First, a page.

The type of fistula repair surgery performed depends on the fistula's complexity and location, but may include a fistulotomy, fibrin glue and collagen plug, seton placement, or an advancement rectal flap, according to Mayo Clinic. More complex fistulas may require an ostomy and stoma or a muscle flap.
In a fistulotomy, the fistula's internal opening is cut, the infected tissue is scraped and flushed, and then the channel is flattened and stitched closed, details Mayo Clinic. Instead of stitches, a fibrin glue and collagen plug procedure requires a fibrous protein glue or collagen plug to close the fistula after cleaning it out.
The surgeon puts a latex or silk string into the fistula to drain the infection in a seton placement procedure, notes Mayo Clinic. Prior to removing a fistula's internal opening in an advancement rectal flap procedure, a flap is created from the fistula's internal opening, which is used to cover the repair after the procedure is complete.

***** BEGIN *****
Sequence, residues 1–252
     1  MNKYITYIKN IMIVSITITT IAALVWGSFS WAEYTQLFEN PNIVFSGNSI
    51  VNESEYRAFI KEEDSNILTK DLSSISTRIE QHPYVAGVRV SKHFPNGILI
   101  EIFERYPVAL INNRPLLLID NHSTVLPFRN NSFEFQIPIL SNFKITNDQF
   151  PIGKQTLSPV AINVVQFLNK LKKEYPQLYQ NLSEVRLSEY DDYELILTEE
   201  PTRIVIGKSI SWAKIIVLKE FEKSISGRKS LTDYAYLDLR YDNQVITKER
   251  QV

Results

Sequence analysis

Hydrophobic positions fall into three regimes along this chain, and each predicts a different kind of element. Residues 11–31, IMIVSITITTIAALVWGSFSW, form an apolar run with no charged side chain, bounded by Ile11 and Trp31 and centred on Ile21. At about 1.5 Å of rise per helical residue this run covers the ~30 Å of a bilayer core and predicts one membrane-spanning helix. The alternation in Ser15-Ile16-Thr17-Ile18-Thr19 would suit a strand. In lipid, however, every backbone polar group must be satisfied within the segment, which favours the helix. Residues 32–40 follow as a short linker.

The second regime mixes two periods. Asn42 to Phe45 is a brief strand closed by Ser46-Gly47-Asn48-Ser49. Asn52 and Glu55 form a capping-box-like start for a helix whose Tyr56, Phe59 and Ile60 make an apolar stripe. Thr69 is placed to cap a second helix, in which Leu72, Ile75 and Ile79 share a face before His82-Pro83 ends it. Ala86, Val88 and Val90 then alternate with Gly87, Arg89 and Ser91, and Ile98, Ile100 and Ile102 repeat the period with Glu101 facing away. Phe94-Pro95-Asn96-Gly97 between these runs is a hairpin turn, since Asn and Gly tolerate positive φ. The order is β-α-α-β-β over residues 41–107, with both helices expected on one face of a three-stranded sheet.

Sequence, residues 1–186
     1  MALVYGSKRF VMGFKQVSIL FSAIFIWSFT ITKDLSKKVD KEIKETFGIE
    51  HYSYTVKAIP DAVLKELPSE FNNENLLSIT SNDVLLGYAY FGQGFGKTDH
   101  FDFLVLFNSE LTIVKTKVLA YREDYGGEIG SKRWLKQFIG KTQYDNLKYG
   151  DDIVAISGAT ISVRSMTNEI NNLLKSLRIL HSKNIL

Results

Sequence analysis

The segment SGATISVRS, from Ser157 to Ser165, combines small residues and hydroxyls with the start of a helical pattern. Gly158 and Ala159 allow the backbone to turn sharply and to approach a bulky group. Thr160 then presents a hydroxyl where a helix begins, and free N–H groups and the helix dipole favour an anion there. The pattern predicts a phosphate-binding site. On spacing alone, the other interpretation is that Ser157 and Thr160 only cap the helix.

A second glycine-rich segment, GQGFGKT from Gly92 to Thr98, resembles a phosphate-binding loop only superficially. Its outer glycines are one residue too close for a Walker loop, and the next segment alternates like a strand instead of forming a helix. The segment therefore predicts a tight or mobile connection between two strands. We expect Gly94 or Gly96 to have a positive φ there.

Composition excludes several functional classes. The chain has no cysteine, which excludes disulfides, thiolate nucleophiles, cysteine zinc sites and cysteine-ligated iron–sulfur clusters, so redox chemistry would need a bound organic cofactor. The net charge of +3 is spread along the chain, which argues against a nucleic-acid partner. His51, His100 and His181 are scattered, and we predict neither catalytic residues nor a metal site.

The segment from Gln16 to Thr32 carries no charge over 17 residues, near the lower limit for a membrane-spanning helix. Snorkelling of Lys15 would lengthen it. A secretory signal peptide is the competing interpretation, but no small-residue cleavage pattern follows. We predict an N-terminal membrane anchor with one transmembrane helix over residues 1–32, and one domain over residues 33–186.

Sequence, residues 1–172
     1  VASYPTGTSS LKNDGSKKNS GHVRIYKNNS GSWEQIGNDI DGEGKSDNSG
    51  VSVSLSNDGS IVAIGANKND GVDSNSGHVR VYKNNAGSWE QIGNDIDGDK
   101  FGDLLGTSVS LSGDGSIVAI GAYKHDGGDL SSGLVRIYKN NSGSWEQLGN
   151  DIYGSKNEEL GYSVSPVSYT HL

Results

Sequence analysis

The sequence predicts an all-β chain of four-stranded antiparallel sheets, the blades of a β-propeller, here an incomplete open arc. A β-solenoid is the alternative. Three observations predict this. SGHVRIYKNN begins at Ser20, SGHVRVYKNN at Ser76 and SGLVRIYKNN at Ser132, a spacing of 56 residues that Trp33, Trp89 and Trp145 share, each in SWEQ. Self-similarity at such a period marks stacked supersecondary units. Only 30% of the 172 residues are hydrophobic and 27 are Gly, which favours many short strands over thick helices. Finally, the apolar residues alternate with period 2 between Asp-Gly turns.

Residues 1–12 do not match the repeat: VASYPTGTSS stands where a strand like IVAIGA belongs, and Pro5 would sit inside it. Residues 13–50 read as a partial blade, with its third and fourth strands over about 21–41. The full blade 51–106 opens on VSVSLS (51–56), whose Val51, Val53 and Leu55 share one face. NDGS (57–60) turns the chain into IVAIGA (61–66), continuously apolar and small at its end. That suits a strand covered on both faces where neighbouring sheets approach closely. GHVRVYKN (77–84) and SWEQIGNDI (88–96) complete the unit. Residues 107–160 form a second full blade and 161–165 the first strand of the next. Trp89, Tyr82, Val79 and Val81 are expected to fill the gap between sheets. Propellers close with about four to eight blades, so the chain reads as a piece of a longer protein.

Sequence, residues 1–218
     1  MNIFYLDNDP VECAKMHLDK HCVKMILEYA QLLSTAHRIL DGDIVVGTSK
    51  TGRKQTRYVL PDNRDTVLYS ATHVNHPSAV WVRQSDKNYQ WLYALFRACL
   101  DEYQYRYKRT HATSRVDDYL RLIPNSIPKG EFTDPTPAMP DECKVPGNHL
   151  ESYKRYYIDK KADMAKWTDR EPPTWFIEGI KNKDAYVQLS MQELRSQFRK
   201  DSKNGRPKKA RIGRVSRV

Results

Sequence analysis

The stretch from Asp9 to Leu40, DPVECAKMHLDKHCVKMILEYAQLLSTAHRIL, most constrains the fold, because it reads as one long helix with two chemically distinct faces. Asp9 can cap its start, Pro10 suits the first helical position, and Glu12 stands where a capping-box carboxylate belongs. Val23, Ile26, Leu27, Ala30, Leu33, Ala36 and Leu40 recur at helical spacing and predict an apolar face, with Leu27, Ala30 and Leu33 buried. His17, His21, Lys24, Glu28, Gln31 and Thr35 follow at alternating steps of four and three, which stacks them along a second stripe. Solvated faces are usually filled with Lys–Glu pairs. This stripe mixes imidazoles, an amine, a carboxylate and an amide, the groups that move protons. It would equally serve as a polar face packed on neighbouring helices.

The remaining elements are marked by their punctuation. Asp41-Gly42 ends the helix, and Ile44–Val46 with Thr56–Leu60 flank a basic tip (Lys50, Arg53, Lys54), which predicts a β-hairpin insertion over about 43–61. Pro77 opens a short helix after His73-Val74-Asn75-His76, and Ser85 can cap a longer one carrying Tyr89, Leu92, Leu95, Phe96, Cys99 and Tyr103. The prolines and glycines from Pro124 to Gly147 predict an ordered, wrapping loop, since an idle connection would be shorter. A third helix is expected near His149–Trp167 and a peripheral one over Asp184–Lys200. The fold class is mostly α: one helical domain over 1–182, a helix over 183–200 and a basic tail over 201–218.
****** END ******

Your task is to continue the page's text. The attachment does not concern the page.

When a more invasive approach is required, an ostomy and stoma are performed, wherein a temporary opening in the abdomen is created so waste is diverted to a collection bag, explains Mayo Clinic. The procedure allows the anal area time to heal. Heavy tissue from the buttocks, labia or thigh is used to fill the channel in extremely complex fistulas.